Indian PM Narendra Modi has accepted an invitation from his Pakistani counterpart Nawaz Sharif to attend a regional summit in Islamabad next year.
This will be Mr Modi’s first visit to Pakistan after he took power last year.
A meeting between the two leaders on Friday came after increased border hostilities and India cancelled secretary-level talks last year.
They also agreed to help expedite the 2008 Mumbai terror attack trial, blamed on Pakistan based militants.
The suspected mastermind of the attacks, Zakiur Rehman Lakhvi, was released on bail from a Pakistani jail in April, a development that India described as “unfortunate and disappointing”.
He still faces trial – along with six other suspects – over the attacks, which left 166 people dead and damaged peace efforts between the two countries.
In a separate development, Mr Modi accepted Mr Sharif’s invitation to visit Pakistan.
“Prime Minister Nawaz Sharif reiterated his invitation to Prime Minister Modi to visit Pakistan for the Saarc (South Asian Association for Regional Cooperation) Summit in 2016. Prime Minister Modi accepted that invitation,” a joint statement from the two governments said.
Indian Foreign Secretary S Jaishankar told reporters that the two sides had also agreed to hold a meeting of their top security advisers to discuss terrorism.
Friday’s meeting was the first between the two leaders since Mr Sharif attended Mr Modi’s oath taking ceremony in May 2014.
But relations between the nuclear-armed rivals deteriorated soon after and in August India cancelled talks with Pakistan after accusing it of interfering in its internal affairs.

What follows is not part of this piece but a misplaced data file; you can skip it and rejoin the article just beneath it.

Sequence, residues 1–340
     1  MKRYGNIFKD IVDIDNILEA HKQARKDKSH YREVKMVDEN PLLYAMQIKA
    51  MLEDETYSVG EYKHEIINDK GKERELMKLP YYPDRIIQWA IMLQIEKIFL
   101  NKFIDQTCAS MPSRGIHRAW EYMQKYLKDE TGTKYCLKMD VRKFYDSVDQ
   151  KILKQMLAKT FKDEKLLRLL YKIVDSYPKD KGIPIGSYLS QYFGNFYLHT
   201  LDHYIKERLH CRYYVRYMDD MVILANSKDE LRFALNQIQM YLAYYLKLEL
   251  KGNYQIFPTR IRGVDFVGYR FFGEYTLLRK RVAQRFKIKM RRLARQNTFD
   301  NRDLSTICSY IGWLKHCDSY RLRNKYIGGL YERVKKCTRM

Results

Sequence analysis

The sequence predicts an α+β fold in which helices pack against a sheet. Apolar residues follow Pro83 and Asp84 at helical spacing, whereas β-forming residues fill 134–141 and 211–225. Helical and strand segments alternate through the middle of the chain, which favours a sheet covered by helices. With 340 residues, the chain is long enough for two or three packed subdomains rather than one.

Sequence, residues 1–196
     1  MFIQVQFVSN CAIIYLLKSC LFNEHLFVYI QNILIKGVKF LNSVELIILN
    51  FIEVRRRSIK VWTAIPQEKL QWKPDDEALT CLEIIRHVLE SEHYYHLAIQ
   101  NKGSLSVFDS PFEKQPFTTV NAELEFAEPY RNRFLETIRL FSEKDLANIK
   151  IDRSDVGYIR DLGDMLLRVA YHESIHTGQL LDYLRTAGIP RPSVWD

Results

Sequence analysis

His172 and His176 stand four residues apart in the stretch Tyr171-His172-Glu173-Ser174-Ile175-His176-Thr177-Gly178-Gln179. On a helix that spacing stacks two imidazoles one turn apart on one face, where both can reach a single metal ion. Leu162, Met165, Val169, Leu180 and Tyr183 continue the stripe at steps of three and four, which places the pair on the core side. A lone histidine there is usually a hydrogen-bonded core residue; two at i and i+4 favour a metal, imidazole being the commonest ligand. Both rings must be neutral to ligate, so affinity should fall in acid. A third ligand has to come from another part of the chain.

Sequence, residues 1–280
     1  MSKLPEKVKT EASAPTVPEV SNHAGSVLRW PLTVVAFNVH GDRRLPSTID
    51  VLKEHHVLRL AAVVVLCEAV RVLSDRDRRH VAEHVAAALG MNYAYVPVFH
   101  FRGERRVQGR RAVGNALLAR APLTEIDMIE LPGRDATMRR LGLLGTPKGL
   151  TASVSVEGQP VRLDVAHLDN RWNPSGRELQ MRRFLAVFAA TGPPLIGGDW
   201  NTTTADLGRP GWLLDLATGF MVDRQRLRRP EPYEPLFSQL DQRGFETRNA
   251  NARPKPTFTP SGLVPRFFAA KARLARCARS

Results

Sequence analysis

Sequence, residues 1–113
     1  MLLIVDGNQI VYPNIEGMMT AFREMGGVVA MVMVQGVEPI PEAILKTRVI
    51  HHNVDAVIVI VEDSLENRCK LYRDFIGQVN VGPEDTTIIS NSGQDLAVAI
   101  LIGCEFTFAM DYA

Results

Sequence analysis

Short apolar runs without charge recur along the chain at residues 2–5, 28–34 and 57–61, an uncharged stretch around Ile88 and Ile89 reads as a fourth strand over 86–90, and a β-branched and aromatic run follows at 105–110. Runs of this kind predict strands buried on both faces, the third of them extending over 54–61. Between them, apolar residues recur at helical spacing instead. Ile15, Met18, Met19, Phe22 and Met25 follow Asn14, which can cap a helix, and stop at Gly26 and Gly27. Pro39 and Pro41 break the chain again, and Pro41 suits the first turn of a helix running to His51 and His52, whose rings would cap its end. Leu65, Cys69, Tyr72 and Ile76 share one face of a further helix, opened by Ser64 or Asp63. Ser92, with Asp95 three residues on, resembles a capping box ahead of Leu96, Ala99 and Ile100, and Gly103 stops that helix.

India’s Foreign Ministry spokesperson Vikas Swarup tweeted about Friday’s talks:
On the eve of the talks, India accused Pakistan of killing a border guard in a firing incident along the de facto border that divides the disputed region of Kashmir.
The rivals have fought three wars since Independence, two of them over Kashmir.
Kashmir, claimed by both countries in its entirety, has been a flashpoint for more than 60 years.
A ceasefire agreed in 2003 remains in place, but the neighbours often accuse each other of violating it.
Last September, in his first speech at the UN, Mr Modi said he wanted peace talks with Pakistan but insisted it must create an “appropriate atmosphere”.
In 2013 months of clashes left more than 20 Indian and Pakistani soldiers dead. Nearly as many civilians, most of them on the Pakistani side, were also killed.